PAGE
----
Get it today at  https://www.amazon.com/dp/B0727QQ7FX for only $3.99!

Wednesday, May 31, 2017

"Leaving New York" - Now only $3.99!

To paraphrase Wally Brando from the new "Twin Peaks" series: "My dharma is the road. Your dharma ... is Leaving New York!"

Okay, just kidding. Still, if you like a good road story, or if you're into your dharma, read it today!

Got to https://www.amazon.com/dp/B0727QQ7FX to get your newly reduced priced copy! Now only $3.99!

You can also visit and Like the Leaving New York Facebook page at https://www.facebook.com/leavingny/

Excerpt from Leaving New York by Tony Dunlap:

“You’re really high.” Eric grabbed Tommy’s shoulder again.

“What’re you doing?”


“Just come with me a sec.” They crossed the street and came to the edge of Riverside Park. Eric pointed towards the Hudson River and the twinkling lights of the mainland, quietly noble in the night air. “What do you see there?”


Exhausted, Tommy groaned, “Eric, what is this about?”


“Just tell me what you see, dude!”


“New Jersey!”


“No, dude. See, that’s your limited thinking right there. You imprison your own imagination, your view of the world. You’re just seeing what’s in front of you, not what’s beyond it. You don’t get what it means. You know what’s over there, T?”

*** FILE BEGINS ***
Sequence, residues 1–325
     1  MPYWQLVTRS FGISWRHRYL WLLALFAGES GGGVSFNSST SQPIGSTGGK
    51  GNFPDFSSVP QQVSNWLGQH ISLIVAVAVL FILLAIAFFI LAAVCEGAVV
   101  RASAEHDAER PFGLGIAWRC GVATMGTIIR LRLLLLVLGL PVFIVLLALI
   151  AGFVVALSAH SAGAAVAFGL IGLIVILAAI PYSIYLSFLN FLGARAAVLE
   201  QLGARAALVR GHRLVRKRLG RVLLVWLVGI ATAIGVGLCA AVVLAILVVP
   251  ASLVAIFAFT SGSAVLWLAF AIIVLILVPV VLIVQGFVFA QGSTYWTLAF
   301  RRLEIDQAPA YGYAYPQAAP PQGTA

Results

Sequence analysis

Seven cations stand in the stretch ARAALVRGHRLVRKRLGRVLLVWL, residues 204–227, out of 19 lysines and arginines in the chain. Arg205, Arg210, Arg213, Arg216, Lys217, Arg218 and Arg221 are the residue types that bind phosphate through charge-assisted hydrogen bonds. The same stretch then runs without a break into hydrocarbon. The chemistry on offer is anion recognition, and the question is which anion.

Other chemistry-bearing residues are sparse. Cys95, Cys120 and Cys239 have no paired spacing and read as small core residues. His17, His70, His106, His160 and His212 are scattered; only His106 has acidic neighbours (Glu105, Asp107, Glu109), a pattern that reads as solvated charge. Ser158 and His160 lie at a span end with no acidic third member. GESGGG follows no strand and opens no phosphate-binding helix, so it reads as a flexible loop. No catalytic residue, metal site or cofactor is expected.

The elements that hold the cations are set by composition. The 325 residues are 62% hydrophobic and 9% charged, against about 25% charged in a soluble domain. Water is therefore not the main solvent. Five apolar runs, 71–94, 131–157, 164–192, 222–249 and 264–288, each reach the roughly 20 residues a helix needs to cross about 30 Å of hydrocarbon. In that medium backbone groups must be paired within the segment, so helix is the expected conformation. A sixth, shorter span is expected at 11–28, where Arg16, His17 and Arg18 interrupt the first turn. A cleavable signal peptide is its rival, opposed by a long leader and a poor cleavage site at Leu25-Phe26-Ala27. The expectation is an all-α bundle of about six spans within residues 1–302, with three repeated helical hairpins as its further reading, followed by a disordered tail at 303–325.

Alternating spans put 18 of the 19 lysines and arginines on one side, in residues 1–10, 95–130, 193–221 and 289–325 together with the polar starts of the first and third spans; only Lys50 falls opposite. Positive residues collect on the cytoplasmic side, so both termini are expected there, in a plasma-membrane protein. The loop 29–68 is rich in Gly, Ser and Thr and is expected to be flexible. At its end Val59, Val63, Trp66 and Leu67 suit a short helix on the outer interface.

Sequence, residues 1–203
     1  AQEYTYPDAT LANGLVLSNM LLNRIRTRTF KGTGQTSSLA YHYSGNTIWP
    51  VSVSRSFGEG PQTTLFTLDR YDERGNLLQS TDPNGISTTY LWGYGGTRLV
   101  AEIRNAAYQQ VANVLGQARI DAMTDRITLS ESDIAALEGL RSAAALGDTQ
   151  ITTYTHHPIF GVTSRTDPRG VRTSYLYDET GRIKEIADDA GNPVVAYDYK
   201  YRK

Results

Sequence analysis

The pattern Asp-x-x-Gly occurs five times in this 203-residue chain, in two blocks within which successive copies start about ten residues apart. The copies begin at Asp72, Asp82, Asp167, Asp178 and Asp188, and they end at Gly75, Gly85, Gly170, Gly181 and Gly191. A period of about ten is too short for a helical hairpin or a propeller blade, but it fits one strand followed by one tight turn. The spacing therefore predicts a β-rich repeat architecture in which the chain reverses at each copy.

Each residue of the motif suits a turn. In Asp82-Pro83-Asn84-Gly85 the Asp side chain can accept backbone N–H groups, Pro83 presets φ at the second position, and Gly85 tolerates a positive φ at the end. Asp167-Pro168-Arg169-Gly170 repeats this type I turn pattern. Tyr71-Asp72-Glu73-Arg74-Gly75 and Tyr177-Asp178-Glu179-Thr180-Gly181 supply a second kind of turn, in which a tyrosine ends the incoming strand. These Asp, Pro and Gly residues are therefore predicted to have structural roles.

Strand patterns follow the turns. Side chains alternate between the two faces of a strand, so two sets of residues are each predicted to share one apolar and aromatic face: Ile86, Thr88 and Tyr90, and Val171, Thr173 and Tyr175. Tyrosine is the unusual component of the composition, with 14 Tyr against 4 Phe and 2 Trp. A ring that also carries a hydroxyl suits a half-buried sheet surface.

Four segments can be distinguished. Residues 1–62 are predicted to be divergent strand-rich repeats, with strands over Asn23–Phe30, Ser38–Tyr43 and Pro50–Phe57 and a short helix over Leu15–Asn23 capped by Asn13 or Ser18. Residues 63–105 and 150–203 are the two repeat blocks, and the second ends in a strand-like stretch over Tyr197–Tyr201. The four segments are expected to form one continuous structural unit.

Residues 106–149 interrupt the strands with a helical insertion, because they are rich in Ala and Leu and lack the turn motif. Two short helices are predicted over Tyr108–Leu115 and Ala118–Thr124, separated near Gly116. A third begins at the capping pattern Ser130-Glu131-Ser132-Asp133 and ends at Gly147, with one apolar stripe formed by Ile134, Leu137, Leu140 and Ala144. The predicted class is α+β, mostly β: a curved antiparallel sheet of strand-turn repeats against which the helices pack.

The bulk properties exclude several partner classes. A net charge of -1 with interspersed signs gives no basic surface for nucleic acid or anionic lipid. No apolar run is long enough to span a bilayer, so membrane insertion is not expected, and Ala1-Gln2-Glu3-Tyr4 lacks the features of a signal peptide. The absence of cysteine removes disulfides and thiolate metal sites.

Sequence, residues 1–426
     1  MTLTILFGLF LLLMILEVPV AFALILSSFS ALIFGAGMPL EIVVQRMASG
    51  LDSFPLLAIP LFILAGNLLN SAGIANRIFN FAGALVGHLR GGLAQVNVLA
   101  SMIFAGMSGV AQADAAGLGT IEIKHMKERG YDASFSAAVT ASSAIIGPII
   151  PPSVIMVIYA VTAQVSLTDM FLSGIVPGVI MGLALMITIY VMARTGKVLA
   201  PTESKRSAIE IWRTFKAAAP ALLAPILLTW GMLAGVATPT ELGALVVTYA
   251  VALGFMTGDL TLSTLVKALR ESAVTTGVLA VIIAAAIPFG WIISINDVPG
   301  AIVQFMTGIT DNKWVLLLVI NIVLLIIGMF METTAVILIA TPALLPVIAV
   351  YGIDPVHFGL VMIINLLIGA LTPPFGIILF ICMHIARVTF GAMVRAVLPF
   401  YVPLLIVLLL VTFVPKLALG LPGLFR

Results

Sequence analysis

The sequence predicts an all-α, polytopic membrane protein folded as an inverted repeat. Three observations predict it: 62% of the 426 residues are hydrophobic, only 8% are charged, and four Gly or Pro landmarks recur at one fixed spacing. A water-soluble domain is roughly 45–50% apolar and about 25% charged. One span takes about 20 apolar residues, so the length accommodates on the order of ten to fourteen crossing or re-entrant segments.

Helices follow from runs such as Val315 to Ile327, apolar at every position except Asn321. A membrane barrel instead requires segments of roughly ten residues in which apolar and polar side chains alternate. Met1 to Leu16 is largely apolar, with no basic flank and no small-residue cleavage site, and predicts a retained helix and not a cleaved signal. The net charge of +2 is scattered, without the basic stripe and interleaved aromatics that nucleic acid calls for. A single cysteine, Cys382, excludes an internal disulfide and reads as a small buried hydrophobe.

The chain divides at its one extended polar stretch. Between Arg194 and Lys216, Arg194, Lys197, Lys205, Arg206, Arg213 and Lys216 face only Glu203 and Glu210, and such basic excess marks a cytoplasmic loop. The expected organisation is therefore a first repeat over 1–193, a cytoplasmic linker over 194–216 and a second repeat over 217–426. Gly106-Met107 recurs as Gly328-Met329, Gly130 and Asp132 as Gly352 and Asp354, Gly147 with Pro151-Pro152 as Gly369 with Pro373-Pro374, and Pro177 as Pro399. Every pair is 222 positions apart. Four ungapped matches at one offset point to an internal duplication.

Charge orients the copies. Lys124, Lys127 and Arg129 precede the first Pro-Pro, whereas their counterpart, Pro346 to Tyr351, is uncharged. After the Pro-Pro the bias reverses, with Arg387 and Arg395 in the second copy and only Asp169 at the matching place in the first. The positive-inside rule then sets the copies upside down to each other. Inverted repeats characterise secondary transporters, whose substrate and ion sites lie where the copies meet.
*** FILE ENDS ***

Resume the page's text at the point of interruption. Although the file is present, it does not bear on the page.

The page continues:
“What?”


“Everything!”


“Oh dear God . . .”


“The future, dude. Manifest destiny! The whole . . . country. All of it's right there, just across the river. It’s like . . . we’re on the doorstep of America, right? And that river is the threshold. All you have to do is cross it and the rest of your life begins. Get off this tiny cramped island, get out of this cluster-fuck of a city, and go out into the great beyond. Just like our ancestors did. Re-blaze the trail, dude. Liberate yourself! Excelsior!”

Thursday, May 25, 2017

The History and the Power of 1977